I get asked every day for a nice, relaxing Swedish massage. No problem! I can't think of a much better way to spend an hour. But the way that folks talk about Swedish and deep tissue massage points out that there's some misunderstanding about what Swedish massage is and what it can do for you.
Swedish massage is an ordered series of strokes, intended to warm the soft tissue, knead it to enhance circulation, address knots and adhesions, and flush the lymph and blood towards the heart. Although these moves are ordered, they can be done at any pressure and in any proportion to each other. Thus, one Swedish massage can feel radically different from another, depending on your goals for your massage and the massage therapist doing the work. Most of what people assume are deep tissue massages are actually Swedish massages, just performed with more-than-average pressure.
Personally, I love Swedish massage because of its versatility and efficacy. Want a relaxing hour on a table? Swedish massage. Want rigorous work on an injury? Swedish massage. Want to manage a long-term pain condition? Swedish massage. The system that structures Swedish massage is flexible enough to meet each of these goals. The proportions by which you implement the system is what makes every Swedish massage unique.
How does it work? The basic Swedish massage strokes, and the purposes for each of them, go like this:
Effleurage: These are the long, comforting strokes that follow the length of a limb or your spine. Effleurage is an important warmup for the rest of the system, and is used as a flushing stroke to wrap up work on a certain area. If you ask for a relaxing massage, lots of time will likely be devoted to effleurage.
Petrissage: Feel like the massage therapist is kneading you like bread? That's petrissage. It's great for lengthening and broadening muscle tissue. This makes petrissage relaxing when performed gently and more invigorating when done with a firmer touch. If your massage goals involve pain management, you'll be getting a fair proportion of petrissage in your Swedish massage.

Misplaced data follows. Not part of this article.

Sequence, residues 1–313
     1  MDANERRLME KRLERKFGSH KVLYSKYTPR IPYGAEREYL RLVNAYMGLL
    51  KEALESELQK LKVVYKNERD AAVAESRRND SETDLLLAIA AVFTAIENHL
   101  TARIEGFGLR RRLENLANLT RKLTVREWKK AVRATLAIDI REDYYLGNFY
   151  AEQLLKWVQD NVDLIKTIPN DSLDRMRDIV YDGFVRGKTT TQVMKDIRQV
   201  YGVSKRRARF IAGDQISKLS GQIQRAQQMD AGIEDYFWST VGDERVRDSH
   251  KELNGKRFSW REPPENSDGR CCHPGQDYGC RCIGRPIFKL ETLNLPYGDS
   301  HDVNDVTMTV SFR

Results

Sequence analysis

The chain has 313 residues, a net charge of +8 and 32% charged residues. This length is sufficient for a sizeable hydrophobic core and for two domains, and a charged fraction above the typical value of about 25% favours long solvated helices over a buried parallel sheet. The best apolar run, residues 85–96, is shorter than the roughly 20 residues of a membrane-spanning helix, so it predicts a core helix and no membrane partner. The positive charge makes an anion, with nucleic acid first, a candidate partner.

Friction: Is the massage therapist hanging out on a knot, really digging in and working on that one spot? That's likely friction, the stroke with which an LMT is concentrating a rubbing motion over a specific area of concern. Gentle friction is warming and anaestatizing, while a firmer pressure breaks down knots and adhesions.
Most Swedish massages follow an effleurage-petrisssage-friction-effleurage pattern. Sometimes, we'll use one or both of the following strokes for extra credit:
Compression: The massage therapist applies static pressure to a tender spot. This can be done broadly and gently for a comforting effect, or firmly and at a more narrow location, to interrupt a cramp or pain signal.
Tapotement: You've seen it on TV: the massage therapist plays someone's back like the bongo drums. It's another way of desensitzing an uncomfortable area; some people find it incredibly soothing. Like each of the other strokes, tapotement can be applied at any pressure to customize the result.
Ultimately, it's the way that your LMT combines these strokes and applies differing amounts of pressure that gives every Swedish massge its unique experience. You and your friends may prefer very different massage experiences, but chances are that most of you are getting Swedish massages.